Congratulations to all 4-H participants on all your hard work and dedication!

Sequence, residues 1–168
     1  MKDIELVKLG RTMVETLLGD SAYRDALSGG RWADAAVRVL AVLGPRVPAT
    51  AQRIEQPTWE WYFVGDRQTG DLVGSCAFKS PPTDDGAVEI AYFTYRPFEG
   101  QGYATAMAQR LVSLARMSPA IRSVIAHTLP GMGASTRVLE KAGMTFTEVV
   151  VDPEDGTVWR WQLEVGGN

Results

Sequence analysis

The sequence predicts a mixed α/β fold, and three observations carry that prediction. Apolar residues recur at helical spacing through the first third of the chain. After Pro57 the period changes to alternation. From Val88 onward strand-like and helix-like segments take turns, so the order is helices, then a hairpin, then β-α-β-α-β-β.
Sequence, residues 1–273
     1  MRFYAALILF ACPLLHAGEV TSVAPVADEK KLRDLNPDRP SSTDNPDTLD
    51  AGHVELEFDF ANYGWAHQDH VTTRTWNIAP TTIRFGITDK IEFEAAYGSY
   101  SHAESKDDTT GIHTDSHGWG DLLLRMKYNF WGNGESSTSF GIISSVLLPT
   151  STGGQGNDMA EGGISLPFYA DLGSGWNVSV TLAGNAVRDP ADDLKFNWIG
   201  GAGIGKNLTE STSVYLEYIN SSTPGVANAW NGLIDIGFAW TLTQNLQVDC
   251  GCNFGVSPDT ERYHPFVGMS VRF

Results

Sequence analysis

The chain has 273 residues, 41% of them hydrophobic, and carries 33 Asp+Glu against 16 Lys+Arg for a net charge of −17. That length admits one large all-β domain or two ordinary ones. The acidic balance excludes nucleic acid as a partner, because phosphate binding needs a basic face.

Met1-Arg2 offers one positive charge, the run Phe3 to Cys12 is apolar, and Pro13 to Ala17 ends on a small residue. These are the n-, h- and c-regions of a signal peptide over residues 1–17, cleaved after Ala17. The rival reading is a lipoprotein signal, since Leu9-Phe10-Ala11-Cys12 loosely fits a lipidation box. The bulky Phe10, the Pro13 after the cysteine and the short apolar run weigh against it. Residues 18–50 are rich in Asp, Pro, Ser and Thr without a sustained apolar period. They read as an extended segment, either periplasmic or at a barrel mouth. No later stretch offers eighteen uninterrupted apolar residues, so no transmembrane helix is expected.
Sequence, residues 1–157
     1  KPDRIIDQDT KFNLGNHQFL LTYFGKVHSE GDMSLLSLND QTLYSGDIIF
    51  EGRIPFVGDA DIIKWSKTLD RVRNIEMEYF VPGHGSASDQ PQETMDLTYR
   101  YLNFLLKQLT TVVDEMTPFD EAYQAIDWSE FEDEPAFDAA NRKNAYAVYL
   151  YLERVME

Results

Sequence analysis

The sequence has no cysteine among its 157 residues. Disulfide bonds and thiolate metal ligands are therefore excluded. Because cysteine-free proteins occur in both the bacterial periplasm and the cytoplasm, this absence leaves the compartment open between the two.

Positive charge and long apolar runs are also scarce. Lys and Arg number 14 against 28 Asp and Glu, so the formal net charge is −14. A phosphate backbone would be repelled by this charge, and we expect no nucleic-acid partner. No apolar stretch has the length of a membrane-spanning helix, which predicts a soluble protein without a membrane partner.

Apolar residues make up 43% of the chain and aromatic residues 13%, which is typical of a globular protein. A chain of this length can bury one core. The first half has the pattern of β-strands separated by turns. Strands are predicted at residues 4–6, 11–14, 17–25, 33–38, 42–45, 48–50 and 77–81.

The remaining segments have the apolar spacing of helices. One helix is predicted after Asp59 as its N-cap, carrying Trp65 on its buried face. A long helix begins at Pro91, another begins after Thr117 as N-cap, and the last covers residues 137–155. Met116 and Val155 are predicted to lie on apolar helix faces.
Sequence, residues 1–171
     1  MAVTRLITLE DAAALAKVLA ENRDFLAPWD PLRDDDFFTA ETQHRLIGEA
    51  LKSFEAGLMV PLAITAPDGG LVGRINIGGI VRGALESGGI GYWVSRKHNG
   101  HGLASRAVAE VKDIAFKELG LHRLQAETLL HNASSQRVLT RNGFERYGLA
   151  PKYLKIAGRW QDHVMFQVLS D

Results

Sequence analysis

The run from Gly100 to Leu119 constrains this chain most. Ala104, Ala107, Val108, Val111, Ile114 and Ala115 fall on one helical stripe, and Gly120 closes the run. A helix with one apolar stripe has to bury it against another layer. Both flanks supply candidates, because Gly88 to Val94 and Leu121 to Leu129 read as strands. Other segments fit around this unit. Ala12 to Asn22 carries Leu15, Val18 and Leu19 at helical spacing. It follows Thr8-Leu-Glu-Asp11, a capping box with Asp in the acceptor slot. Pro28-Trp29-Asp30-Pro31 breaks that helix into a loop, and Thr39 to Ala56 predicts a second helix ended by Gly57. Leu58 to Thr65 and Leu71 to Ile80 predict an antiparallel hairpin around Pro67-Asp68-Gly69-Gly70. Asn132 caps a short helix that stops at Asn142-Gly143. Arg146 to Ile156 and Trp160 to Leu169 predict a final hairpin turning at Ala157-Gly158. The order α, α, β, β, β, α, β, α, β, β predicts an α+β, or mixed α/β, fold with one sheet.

➡ Calling all agricultural enthusiasts! Check out Greensburg’s Power of the Past. Founded in 1989, the club was organized to preserve agricultural history and heritage. The club’s 550 members are collectors of antique machinery, including tractors, combines and cultivators, used in days gone by. Members gather once a year, during the third weekend in August, at the Decatur County Fairgrounds in Greensburg. The event is intended to showcase antique farming equipment and educate people about the history, social and technological contributions made by the farming community. According to its website, the club’s mission is “to preserve a part of our heritage for all generations and historians to enjoy.” The event draws agricultural enthusiasts from all over the United States. Attendees may attend demonstrations and talks or just wander around the nearly 50 acres of exhibits, flea markets and vendor booths. Th is year’s event will be held Aug. 16 to 19. “We call it the annual reunion of people, collectors who get together to swap stories and talk about what they are fi nding and collecting,” says President Tom Cherry. “Back when this started, the collection and restoration of tractors and machinery was a little easier.” At one time, Cherry says, fence rows all over the country were the resting place of abandoned, broken and worn-out tractors and machinery. But that was years ago. Anymore, he says it is rare to fi nd such treasures since scrap prices have increased, and many collectors have already rescued most of the old machinery worth restoring. Jill Fuel, treasurer, has been involved with the club for nearly 20 years. She fi nds the most enjoyment from the stories members tell. “I enjoy seeing the pride people have on their faces when they talk about the equipment they own,” she says. “A lot of older people can tell some great stories about using the equipment growing up.” Fuel says the organization plays an important role in the community by showing young people pieces of history they may otherwise only read about in textbooks. Acknowledging the group has consistently grown over the years, she says they try to add something new every year. Each year, different pieces of machinery are featured. Th is year will spotlight an Oliver & Case tractor, Case & Reeves steam engine and a Hercules hit & miss engine. Individuals interested in showing a piece of equipment are encouraged to do so. They must register upon arrival at the fairgrounds and pay a $5 membership fee. Opening this year’s event will be a benefit breakfast to kick off the weekend. Scheduled for 8 a.m. Thursday, tickets are $20 in advance and may be purchased at the fairgrounds and the Decatur County Community Foundation on the square in downtown Greensburg. According to Cherry, Power of the Past hosts one of the biggest consignment auctions around for agricultural items. Additional events include a toy show; fiddle contest; and bluegrass, old country and gospel music. Primitive and non-primitive camping is also available. Proceeds from Power of the Past’s annual events are given back to the community through several charitable organizations, including the Decatur County Future Farmers of America, the Wishard Burn Center in Indianapolis and Hospice of Decatur County. For additional information, contact Tom Cherry at 812-593-8977 or online at greensburgpowerofthepast.com.